My dear friend, the healer and artist came to see me and we walked the St. Jude and the Nativity Labyrinth twice, as well as the St. Joseph’s labyrinth once. She is a life long student of the brain and body, and her thoughts as she walked the labyrinth as a landscape of the brain intrigued me. Even the stones became the people in her life, and I gazed at them with a new appreciation. As always, when I walk a labyrinth with another, I am deeply aware of how we come together, walk alongside each other, and then move further or closer away from each other as we make our way on our own part of the path. Earlier in the week, I thought about how many times I had tread the path, and how it was becoming more and more part of me in some way. I thought again of my childhood home, and how the presence of my loved ones felt indelible, whether or not they were in the house or not. It comforted me to think that part of me is always at the labyrinth.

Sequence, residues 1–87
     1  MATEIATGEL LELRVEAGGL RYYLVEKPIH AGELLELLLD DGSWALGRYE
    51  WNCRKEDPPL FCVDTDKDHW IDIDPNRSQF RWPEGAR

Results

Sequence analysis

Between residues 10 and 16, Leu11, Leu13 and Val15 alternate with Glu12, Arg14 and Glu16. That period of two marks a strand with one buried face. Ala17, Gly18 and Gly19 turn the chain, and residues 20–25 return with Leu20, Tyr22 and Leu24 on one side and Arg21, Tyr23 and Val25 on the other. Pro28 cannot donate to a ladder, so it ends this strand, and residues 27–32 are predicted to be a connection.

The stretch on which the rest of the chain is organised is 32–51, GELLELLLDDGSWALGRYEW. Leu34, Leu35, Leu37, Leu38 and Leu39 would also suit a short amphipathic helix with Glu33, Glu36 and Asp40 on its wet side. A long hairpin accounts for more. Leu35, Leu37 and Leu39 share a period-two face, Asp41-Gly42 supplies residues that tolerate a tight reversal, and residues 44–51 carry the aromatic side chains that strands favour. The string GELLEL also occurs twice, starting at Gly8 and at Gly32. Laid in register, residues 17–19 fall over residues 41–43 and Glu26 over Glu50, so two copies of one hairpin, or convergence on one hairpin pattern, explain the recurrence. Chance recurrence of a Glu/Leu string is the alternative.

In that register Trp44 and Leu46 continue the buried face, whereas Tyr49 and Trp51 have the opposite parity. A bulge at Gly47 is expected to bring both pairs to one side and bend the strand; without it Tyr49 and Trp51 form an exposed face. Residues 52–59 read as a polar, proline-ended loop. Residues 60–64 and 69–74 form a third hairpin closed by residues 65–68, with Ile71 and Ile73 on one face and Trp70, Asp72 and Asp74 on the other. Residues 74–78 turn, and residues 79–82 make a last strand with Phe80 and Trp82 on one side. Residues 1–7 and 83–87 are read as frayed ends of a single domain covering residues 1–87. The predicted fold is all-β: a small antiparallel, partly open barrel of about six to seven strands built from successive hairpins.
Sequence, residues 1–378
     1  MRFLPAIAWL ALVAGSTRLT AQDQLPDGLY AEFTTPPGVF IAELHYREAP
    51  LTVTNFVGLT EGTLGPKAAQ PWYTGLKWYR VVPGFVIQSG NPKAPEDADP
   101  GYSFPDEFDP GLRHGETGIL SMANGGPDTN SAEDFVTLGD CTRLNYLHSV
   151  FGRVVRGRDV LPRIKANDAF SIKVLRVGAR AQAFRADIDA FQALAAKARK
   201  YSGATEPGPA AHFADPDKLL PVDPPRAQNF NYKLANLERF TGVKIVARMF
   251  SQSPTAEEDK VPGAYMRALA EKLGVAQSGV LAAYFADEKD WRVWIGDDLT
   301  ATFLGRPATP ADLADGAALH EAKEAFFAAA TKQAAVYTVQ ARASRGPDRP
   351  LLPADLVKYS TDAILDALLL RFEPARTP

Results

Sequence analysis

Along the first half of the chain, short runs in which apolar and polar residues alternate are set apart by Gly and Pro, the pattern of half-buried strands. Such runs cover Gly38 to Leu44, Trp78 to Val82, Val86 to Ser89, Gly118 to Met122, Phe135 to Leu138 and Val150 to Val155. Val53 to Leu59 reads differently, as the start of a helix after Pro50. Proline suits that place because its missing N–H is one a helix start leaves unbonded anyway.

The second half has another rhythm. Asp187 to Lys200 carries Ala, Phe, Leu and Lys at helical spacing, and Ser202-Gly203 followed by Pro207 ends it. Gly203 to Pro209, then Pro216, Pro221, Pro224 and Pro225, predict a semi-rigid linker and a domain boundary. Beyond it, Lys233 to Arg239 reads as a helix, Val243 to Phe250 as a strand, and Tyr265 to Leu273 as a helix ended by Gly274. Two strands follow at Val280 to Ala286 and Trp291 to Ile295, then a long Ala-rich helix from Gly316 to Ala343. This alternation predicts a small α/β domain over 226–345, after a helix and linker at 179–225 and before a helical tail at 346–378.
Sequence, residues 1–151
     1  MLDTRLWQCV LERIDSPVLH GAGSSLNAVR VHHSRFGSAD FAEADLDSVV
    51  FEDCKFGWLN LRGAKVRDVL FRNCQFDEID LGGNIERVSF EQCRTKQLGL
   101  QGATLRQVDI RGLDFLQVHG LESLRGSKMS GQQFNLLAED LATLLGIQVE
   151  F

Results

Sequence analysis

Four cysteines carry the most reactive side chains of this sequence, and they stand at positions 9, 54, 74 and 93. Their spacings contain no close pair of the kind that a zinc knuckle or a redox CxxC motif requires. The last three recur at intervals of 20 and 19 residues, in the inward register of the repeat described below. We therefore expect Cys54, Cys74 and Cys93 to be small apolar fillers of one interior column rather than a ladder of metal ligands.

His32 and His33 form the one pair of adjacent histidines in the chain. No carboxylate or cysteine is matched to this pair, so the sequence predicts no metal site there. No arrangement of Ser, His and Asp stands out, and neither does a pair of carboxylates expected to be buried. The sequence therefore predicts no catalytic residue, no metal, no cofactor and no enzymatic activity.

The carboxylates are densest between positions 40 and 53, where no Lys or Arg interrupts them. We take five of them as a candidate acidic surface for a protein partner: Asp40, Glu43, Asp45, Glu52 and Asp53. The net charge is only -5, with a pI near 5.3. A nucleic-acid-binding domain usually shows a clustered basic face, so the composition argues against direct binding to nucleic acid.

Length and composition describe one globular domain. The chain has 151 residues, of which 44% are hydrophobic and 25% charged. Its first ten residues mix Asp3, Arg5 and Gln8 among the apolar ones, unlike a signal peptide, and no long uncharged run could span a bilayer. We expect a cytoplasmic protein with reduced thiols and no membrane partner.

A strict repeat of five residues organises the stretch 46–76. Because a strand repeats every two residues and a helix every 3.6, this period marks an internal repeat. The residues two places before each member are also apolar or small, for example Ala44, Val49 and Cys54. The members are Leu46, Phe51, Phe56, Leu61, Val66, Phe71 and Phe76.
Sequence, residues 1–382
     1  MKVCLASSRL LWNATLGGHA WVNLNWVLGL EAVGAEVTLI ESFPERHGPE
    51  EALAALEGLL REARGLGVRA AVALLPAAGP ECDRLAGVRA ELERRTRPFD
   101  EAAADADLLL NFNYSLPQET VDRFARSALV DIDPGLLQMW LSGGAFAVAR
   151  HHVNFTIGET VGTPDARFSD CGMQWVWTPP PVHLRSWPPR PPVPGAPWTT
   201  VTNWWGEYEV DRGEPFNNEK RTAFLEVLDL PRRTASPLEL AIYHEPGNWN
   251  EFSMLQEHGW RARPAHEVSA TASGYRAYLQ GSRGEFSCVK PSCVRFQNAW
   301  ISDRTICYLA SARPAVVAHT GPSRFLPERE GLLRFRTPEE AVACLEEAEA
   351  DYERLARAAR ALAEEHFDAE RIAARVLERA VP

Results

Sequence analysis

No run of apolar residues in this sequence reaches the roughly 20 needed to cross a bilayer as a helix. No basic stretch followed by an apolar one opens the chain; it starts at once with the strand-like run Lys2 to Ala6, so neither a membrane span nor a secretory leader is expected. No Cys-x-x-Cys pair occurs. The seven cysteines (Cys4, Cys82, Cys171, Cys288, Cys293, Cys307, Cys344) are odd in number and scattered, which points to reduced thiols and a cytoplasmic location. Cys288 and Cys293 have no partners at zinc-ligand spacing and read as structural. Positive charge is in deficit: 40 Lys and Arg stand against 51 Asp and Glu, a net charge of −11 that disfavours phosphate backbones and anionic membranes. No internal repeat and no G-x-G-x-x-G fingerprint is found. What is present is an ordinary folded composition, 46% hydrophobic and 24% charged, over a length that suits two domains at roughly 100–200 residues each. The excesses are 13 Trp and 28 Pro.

Together my friend and I visited the Rodin Museum. I had been once before, but this time, the greatness of the sculptures inspired me even more deeply than they had on my previous visit. I had never noticed the tension in The Thinker’s toes, or Balzac’s stance which gave him a humorously arrogant quality. The Burghers of Calais remained for me pitiable and noble at the same time. A new, small casting caught my eye on this visit. A hand holding a female form. It is a creation story, equating God, the Artist and the Lover. Or so I think. I discover later it is called The Hand of the Devil Holding Woman. I would much prefer to tell my own story. Rodin did create a piece called The Hand of God, also holding a figure. He modeled it after his own hand. The Devil’s hands are longer and more elegant.